Microsoft continues to add to Secure Score, a feature that caught my (Kyle) attention last year at Ignite. Updates include simplifying the scoring system and allowing users to view their own scores, alongside admins. Users can also set goals and see how they’re doing. Secure Score will integrate with Teams, Planner, ServiceNow, and Azure Security Center. The updates are available now, while other features will go GA later 2019, and the Azure integration come early next year.
Microsoft 365 admin center recommendations
Microsoft 365 will automatically suggest security and management best practices. We’re really curious how useful these are in the wild.
Lastly, it’s hard to get away from all the productivity, AI, digital assistant, and employee experience news. Check these out:
Monday update: Managed Meeting Rooms
This is sort of like Microsoft Managed Desktop, except for all the AV equipment in your rooms.
Microsoft Productivity Score
Continuing the employee experience trend that we’ve been seeing, this feature will look at both how employees are collaborating, and how their apps and devices are performing.
Office app for mobile devices
Word, Excel, and PowerPoint are being combined into one mobile app. One cool feature is the ability to convert images to text. You can also share files between devices and a feature called “differential sync” ensures only the updated parts of larger files are synced between devices.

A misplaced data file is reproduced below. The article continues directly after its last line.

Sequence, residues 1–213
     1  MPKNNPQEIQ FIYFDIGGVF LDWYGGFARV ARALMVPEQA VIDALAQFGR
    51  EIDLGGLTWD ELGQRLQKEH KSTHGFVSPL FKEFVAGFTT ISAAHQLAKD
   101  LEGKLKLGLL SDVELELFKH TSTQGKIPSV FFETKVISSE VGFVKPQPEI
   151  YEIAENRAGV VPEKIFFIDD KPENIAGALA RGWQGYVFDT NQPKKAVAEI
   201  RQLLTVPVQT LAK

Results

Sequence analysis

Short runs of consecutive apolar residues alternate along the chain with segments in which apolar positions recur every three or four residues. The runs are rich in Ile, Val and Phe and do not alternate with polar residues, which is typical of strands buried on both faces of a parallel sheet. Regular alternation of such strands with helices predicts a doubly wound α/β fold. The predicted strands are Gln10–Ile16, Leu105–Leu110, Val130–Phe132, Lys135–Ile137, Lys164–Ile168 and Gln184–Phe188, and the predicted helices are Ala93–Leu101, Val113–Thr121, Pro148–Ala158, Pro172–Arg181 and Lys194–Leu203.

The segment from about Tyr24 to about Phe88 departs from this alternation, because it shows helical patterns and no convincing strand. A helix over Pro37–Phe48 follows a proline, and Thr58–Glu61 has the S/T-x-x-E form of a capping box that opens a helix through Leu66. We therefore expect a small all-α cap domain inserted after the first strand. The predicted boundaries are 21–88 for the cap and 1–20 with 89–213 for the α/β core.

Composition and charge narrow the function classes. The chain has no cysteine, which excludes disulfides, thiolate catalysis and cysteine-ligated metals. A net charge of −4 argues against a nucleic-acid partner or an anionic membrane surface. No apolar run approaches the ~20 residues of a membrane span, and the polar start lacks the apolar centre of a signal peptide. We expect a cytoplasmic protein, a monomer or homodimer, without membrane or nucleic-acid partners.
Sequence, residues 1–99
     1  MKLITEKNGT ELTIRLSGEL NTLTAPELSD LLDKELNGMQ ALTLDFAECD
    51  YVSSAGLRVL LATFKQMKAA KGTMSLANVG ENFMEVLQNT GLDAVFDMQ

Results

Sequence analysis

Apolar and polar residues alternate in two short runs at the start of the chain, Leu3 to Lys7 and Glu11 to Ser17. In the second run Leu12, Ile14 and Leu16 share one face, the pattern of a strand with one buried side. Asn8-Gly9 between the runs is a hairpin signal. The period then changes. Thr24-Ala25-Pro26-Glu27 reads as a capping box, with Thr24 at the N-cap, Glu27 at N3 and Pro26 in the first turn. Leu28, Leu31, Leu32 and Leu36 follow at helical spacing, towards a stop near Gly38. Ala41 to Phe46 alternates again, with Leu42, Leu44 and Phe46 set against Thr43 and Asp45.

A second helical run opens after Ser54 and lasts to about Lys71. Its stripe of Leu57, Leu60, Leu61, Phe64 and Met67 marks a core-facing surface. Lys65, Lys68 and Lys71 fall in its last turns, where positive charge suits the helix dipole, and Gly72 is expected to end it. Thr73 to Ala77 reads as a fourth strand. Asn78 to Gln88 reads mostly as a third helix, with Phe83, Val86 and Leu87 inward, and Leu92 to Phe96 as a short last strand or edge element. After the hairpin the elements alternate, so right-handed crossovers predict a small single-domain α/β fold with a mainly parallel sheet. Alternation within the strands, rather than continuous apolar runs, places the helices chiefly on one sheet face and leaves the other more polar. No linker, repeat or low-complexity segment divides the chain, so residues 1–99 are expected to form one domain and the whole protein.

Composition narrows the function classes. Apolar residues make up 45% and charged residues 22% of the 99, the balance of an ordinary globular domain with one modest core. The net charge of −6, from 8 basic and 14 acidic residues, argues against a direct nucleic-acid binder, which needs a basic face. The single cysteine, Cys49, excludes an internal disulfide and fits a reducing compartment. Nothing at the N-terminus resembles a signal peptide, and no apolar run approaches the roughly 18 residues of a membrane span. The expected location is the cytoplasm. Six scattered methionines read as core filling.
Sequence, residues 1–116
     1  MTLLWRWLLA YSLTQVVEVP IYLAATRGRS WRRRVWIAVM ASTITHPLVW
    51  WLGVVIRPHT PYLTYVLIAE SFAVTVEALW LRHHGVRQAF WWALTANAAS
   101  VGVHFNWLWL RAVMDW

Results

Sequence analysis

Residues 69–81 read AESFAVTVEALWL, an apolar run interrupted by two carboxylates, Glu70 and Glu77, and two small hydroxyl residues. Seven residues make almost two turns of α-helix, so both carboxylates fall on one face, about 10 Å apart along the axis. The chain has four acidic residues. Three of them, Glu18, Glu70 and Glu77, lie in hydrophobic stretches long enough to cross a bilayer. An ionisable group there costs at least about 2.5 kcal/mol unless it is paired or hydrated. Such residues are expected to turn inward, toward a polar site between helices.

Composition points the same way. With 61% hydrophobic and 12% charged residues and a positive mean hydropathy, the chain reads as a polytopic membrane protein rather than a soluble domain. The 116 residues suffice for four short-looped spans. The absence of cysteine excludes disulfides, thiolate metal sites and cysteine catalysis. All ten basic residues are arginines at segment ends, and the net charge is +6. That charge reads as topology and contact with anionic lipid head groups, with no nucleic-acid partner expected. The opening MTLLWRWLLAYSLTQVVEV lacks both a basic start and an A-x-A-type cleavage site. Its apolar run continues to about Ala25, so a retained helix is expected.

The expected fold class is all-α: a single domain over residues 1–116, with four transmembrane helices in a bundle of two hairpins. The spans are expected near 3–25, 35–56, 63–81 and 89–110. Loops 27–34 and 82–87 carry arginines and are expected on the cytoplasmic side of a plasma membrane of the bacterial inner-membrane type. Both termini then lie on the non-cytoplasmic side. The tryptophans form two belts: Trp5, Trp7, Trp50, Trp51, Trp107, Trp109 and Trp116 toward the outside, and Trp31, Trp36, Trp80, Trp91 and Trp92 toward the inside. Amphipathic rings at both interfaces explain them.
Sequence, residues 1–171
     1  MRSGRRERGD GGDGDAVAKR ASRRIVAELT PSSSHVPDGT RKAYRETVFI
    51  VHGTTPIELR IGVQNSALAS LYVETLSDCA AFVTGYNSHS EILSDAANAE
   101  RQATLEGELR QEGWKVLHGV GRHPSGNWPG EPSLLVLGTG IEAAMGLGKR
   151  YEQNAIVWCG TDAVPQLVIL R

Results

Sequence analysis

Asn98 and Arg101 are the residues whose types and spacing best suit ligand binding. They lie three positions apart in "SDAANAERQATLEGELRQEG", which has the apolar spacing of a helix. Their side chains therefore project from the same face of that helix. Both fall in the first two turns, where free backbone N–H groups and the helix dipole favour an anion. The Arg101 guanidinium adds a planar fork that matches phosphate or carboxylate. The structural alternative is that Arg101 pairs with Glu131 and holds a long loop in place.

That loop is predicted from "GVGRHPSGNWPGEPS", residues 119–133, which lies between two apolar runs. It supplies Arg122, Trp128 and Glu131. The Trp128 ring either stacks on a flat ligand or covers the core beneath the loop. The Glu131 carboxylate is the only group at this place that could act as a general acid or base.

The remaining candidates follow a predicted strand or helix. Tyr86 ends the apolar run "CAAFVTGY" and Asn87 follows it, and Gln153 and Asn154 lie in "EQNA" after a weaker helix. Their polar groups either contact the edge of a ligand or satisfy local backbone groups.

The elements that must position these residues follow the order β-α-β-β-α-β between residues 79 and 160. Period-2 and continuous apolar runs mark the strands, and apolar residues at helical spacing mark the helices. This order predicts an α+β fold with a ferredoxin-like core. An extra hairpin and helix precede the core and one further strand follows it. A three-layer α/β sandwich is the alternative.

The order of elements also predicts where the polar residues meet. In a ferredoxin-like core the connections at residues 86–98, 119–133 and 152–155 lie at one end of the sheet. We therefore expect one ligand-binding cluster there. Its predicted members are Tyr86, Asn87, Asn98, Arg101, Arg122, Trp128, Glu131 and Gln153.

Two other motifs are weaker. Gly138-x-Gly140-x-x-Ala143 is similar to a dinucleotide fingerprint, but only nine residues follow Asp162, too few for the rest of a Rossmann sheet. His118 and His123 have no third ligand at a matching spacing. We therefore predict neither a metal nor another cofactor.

Azure Active Directory MyApps portal updates
Microsoft is promising a better app launching experience, including better support for mobile. Having an up-to-date experience here is one of those little things that can make things more pleasant and usable for employees.
New Cortana in Office 365 and Knowledge Network in Microsoft 365
Microsoft considers the new Cortana features as productivity improvements. By reading your emails, Cortana can send a briefing email at the beginning of the day with all your tasks and meetings; you can then mark tasks “done” as you finish. With Scheduler, Cortana can help set up meetings, even going so far as to propose times that work for all involved and adding call-in information; it also works with Google calendars (I admit this part is cool). You also get more voice options, if the current voice just doesn’t do it for you.
Initially I (Kyle) didn’t think much of these announcements given it’s felt like Microsoft was dialing back Cortana over the last few months, such as pulling the voice assistant from the menu bar in Windows 10. But once implemented, maybe I could re-examine whether voice assistants are ready for the enterprise.
The Knowledge Network in Microsoft 365, in private preview and expecting a wide 2020 release, uses machine learning to gather together similar content throughout Microsoft 365 and places them under topics that creates an “interactive depository.” The idea is that eventually, it will be easier to find what you need to actually get your job done. It sounds far out, but if it works, I think it’s something we could all appreciate.